Kelly: I do a fair amount of editing. I belong to a wonderful critique group and run my writing past them. They are literate, sharp, kind women and I trust them implicitly.
Morgen: Do you have to do much research?
Kelly: I use the Internet an awful lot. Whatever did we do before Google? I’ve purchased some good forensic books. Forensics for Dummies has been invaluable.
Morgen: Is there anything the Dummies books don’t write about? What point of view do you find most to your liking: first person or third person? Have you ever tried second person?
Kelly: I usually use third person. First is harder. No, I’ve never tried second person.
Morgen: Oh do, it’s fun. And it tends to be dark so you might like it. Do you write any poetry, non-fiction or short stories?
Kelly: I’ve wrote a poem last year, but it was such an intensely personal poem, that I made no effort to publish it. Only my eyes have seen it.
Morgen: I feel pretty much the same about mine. Do you have pieces of work that you think will never see light of day?
Kelly: I have a story my high school English teacher gave me to finish. It was a dream he had had. He wrote about thirty pages and then wrote me and asked me to finish it. It’s an unusual story. Too long for a short story and too challenging to make it into a novel of any length. I am thinking I could do a novella, but where in heaven’s name do you market novellas, unless you’re Stephen King?
Morgen: Have you had any rejections? If so, how do you deal with them?
Kelly: I spent a year trying to get an agent. I rang up lots of rejections. I didn’t take them too seriously and just continued to submit the next query. I did eventually get an agent in Texas, but I only heard from her twice. I was trying to play it cool and not contact her too much. It was a huge waste of my time. After that experience, I decided to e-pub.
Morgen: Do you enter competitions? Are there any you could recommend?
Kelly: I live in the Pacific Northwest, so I have entered the Pacific NW Writer’s Conference contest twice. I didn’t win, but I got some valuable feedback. The PNWA Conference is one of the best in the US.
Morgen: Do you have an agent? Do you think they’re vital to an author’s success?
Kelly: As I mentioned previously, I did have an agent, but it wasn’t a positive experience. I believe they are going the way of the dinosaurs. The publishing world is changing and many authors are becoming their own advocates.
Morgen: How much of the marketing do you do for your published works or indeed for yourself as a ‘brand’?
Kelly: Right now, I am doing all of it. And it’s a lot of work. I think my strategy is to throw it all against the wall to see what sticks.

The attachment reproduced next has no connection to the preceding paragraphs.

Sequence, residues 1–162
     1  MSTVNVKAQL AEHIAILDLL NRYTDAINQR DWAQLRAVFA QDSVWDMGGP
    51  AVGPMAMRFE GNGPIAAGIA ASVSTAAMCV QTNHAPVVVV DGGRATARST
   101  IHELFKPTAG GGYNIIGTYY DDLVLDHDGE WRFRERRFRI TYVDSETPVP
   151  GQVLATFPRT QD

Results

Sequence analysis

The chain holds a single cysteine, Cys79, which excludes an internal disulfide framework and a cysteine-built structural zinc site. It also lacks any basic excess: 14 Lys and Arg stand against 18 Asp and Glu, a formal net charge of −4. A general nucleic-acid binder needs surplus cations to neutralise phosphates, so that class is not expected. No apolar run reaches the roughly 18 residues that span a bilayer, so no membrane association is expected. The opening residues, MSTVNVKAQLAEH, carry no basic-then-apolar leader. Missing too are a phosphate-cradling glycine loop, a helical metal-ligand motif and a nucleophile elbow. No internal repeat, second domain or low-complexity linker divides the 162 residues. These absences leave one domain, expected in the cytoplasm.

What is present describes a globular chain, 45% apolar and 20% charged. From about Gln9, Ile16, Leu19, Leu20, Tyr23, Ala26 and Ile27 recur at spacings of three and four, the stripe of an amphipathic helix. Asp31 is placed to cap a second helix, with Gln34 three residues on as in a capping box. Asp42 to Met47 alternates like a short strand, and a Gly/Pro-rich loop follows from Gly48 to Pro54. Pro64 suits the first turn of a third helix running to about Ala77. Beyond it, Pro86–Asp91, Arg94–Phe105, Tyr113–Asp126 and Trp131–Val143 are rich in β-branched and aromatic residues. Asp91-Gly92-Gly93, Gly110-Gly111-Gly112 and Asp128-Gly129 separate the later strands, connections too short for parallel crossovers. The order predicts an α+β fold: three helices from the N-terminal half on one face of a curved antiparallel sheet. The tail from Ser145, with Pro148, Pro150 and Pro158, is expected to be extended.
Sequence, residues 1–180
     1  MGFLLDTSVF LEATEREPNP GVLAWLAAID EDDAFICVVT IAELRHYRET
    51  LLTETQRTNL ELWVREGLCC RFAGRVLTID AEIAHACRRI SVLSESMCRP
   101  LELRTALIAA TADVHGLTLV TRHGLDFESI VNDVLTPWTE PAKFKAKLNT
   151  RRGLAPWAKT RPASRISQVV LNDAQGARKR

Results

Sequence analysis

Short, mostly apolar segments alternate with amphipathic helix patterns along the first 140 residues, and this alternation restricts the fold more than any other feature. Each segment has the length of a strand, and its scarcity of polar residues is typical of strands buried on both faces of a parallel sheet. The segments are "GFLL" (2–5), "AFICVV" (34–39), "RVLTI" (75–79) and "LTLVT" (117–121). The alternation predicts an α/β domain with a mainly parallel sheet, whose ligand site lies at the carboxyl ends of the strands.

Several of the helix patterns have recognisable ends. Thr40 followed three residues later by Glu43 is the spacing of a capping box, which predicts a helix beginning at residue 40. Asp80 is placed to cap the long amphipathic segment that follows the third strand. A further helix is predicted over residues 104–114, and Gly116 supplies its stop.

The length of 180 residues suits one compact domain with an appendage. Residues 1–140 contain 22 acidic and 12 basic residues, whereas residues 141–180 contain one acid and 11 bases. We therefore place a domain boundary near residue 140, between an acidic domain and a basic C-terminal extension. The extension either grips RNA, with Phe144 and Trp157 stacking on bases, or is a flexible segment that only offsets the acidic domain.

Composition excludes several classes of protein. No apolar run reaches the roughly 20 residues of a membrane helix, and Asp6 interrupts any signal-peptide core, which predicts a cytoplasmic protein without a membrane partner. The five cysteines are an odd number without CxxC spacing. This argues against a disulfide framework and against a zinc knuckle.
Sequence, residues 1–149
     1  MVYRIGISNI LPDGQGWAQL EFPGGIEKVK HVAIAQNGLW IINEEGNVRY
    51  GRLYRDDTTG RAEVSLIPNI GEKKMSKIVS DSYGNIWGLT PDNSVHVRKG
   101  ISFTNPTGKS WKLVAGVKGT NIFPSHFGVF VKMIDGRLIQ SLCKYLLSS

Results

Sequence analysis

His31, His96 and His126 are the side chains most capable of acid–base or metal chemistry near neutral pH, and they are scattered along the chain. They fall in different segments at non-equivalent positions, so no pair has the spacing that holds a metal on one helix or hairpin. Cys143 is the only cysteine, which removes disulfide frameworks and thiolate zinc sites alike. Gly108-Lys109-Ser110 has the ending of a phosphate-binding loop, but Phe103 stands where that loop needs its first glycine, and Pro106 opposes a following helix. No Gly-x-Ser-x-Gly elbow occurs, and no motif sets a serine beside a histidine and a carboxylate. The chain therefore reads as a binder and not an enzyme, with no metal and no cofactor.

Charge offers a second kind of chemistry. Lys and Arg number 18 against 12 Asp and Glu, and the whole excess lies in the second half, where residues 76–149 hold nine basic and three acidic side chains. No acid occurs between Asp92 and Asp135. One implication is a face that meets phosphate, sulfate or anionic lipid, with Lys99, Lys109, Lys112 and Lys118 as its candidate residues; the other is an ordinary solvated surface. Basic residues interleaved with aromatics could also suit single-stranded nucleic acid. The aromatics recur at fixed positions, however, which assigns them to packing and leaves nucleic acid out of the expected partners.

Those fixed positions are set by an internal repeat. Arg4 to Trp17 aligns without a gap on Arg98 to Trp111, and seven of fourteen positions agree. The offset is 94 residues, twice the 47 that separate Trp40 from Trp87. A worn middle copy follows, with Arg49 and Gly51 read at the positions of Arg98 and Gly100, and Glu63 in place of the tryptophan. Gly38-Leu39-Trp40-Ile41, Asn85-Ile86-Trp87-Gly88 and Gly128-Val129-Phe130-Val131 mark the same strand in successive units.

Morgen: What’s your favourite / least favourite aspect of your writing life? Has anything surprised you?
Kelly: I wish I had more time to write. If I could, I’d swing out of bed and write all day long. But alas, I need to pay the mortgage, so I march off to work for the government. I am amazed at the vast numbers of books on the market. There are so many writers all competing for attention. If I think about that too much, it depresses me.
Morgen: What advice would you give aspiring writers?
Kelly: Grow a thick shell and let the rejection bounce off of it. I liken writing to taking an injection. You know it’s going to hurt like hell, but it’s for your own good.
Morgen: If you could invite three people from any era to dinner, who would you choose and what would you cook (or hide the takeaway containers)?
Kelly: Stephen King: You know the guy has something weird going on in his brain. I think he would be a fabulous dinner partner. I’d serve Stephen something raw and bloody like severely undercooked prime rib.
Sandra Brown: I love Sandra Brown’s sex scenes. I learn from her. I think Sandra is from Texas, so I’d serve her BBQ or Chilli. I was not given the cooking gene, so if it doesn’t come out of a can, I’m lost.
Mary Stewart: She thrilled me with her Arthurian legend books. I have read them over and over. I drug my ex-husband and our children to England and followed the trail of Arthur. Tintagel is my favourite. I could sit by the sea and read Mary Stewart forever. I suppose I’d serve her something traditionally British, but dear God, don’t expect me to cook it. Maybe, I’d run for fish and chips.
Morgen: If you had to choose a single day from your past to re-live over and over, what day would it be and why?
Kelly: I think I’ve had one day of “being” in my whole life. I was so relaxed, so present, so in the moment. I wake up every morning with lists running through my head of things I must do and places I have to be. That day I was totally in my skin and loving it. I wish I could replicate that day every day.
Morgen: Is there a word, phrase or quote you like?
Kelly: I am going to go serious on you here. My favourite phrase is ‘God is love’.
Morgen: That’s OK. Not serious at all. Are you involved in anything else writing-related other than actual writing or marketing of your writing?